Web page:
What a summer we have had in the Pacific Northwest! From record heat to minimal rain to smoky skies that kept us indoors we have all been challenged to keep our gardens alive and thriving. Our rainfall measure since April ended (and that was a rainy month!) stands at 0.88 inches total. An average summer would see us receiving 5.09 inches of rain!! That kind of drought is hard on plants – and especially on those that we assume don’t need watering like our large trees and established shrubs. According to information from the Saving Water Partnership watering mature trees once or twice a month is good practice. If you have not supplemented water for the larger plants in your gardens now might be a good time to think about doing it. Try setting a sprinkler out to cover the root zone beneath your large trees and adjust the water so it is spraying low to the ground to avoid too much loss from evaporation. Let the water run for about five minutes then shut it off and move it to the next needy plant. Once you get through that round set the sprinkler back up under the first plant and let it run for another fifteen minutes. The first short round of watering will help to moisten the soil and allow for the water to absorb – dry soil can sometimes become hydrophobic at the surface and a heavy watering without prepping the soil first could result in the water simply running off the intended watering site. Check the soil when you are done to ensure that water has penetrated at least six inches into the soil. If not add a little more time to the watering cycle. Sometimes the drought stress and damage plants experience does not show up until the next growing season. Try and prevent that now by giving your garden a deep soaking. Learn more from the Saving Water Partnership and this great article from In Harmony.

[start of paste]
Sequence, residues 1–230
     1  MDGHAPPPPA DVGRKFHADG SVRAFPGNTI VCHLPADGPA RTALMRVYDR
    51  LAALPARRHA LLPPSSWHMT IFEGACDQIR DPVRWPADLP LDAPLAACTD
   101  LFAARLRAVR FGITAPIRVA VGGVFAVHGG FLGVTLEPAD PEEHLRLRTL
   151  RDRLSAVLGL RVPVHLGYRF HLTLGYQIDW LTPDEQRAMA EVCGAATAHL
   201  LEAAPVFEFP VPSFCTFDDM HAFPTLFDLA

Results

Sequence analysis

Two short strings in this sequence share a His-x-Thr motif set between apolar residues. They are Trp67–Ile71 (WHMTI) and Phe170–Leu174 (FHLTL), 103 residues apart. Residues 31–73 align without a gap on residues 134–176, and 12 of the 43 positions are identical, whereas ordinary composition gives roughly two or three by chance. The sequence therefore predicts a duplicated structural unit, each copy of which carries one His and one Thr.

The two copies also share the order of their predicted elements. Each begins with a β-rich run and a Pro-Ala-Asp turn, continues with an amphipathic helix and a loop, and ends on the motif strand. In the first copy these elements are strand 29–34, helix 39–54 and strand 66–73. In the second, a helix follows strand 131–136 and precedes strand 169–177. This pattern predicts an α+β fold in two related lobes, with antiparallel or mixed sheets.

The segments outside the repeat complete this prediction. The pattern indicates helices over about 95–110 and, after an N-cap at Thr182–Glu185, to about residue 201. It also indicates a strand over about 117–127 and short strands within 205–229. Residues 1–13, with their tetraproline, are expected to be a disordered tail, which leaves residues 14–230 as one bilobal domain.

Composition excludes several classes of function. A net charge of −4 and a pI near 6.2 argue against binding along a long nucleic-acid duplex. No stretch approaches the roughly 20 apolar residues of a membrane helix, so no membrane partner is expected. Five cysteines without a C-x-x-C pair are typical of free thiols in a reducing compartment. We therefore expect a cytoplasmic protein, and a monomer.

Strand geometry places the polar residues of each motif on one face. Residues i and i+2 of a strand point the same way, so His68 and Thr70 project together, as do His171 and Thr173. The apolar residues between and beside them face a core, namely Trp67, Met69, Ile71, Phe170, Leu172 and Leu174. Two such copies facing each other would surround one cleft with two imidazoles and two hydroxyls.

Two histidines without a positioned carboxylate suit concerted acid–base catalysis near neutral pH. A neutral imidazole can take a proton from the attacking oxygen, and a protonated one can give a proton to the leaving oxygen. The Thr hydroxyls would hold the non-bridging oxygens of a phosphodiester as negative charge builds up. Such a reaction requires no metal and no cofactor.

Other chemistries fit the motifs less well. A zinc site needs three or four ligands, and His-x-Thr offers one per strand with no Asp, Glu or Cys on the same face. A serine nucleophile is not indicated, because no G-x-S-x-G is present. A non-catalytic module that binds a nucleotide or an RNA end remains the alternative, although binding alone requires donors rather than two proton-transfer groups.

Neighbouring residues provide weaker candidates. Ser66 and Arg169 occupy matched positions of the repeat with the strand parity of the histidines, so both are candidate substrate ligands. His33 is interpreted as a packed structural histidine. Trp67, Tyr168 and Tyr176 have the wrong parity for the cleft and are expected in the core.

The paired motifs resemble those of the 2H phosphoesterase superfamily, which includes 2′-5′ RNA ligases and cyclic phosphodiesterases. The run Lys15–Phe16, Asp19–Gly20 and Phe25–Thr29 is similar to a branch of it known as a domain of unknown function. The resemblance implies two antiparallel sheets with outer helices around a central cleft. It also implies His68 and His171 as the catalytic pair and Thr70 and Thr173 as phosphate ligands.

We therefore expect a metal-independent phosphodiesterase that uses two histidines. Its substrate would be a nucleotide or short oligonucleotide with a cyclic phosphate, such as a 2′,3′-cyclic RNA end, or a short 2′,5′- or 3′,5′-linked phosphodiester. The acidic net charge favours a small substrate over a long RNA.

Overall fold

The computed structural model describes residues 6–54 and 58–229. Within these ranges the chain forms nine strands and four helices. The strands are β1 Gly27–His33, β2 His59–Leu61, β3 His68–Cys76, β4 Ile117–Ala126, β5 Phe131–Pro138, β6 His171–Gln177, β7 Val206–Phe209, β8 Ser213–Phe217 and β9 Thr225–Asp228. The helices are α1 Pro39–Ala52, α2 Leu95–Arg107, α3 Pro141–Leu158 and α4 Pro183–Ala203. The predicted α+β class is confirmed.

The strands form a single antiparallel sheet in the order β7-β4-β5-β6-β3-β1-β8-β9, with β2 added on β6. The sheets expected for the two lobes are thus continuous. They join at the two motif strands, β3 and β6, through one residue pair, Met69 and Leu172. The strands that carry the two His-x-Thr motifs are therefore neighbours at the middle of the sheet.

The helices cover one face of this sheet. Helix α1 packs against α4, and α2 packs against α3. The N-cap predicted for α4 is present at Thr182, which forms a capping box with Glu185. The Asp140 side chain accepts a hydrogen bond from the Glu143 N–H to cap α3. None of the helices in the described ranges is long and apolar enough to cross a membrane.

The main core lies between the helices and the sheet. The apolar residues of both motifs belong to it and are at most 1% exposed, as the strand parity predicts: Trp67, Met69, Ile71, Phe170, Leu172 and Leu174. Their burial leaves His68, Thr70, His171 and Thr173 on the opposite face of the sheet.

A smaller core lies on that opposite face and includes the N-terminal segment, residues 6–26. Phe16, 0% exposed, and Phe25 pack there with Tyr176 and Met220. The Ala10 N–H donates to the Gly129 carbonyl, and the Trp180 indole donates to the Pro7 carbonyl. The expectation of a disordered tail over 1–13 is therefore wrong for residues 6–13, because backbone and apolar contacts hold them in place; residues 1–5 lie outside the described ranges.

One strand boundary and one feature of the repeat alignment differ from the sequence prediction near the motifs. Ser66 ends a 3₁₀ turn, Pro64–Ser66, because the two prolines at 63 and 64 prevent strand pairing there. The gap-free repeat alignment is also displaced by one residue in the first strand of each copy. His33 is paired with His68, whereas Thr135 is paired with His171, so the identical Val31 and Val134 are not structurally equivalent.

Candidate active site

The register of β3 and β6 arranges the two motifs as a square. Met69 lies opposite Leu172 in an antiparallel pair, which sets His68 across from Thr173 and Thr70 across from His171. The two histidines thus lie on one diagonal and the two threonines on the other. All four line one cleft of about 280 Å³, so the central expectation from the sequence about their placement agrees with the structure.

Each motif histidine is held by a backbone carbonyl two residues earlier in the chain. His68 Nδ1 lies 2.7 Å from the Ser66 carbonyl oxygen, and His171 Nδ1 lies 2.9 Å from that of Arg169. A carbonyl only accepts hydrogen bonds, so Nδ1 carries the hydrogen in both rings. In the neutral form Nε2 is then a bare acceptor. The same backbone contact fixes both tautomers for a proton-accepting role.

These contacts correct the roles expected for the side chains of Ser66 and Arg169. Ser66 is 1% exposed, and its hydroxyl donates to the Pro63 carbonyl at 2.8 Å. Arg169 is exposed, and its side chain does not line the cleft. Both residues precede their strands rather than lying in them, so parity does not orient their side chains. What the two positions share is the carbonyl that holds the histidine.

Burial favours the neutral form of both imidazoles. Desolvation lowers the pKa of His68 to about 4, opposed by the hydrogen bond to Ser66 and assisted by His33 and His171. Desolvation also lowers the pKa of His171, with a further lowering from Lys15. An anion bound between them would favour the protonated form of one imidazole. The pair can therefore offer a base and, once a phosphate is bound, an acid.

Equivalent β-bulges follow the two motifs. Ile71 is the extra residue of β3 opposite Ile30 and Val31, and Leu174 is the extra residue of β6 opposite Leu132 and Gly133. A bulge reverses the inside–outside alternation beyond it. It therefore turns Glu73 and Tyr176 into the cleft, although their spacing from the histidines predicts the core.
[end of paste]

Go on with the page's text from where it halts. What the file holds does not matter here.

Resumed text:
photo credit to In Harmony and Vicky van Santen